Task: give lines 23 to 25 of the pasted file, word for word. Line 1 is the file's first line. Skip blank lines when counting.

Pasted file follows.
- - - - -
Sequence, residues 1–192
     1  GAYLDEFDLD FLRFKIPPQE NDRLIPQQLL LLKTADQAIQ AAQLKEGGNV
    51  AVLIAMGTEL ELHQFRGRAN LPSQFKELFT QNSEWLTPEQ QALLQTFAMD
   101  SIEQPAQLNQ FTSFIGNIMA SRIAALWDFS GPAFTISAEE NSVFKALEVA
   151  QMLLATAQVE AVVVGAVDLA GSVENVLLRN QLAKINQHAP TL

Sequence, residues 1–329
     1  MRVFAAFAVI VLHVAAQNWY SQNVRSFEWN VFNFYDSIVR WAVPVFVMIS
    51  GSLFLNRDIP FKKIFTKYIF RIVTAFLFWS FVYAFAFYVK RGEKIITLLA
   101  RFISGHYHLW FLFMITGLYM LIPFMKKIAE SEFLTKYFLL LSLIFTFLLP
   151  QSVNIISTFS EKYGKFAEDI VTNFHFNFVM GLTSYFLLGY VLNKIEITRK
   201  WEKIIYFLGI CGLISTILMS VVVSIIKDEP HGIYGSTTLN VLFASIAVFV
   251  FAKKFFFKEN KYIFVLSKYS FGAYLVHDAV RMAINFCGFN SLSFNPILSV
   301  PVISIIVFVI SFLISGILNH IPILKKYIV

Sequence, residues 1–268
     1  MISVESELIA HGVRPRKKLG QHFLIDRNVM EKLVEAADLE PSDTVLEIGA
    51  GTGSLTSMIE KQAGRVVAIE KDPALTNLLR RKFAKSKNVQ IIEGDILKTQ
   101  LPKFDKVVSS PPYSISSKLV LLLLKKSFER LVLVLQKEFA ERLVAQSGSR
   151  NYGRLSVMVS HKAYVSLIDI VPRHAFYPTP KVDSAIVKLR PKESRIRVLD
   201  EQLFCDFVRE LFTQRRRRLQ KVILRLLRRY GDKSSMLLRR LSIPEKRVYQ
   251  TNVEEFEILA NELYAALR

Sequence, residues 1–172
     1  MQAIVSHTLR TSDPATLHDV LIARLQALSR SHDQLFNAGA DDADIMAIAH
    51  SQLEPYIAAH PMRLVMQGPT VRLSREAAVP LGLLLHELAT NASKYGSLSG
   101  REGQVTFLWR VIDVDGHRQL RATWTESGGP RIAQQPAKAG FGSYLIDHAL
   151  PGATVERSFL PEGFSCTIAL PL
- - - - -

    51  SQLEPYIAAH PMRLVMQGPT VRLSREAAVP LGLLLHELAT NASKYGSLSG
   101  REGQVTFLWR VIDVDGHRQL RATWTESGGP RIAQQPAKAG FGSYLIDHAL
   151  PGATVERSFL PEGFSCTIAL PL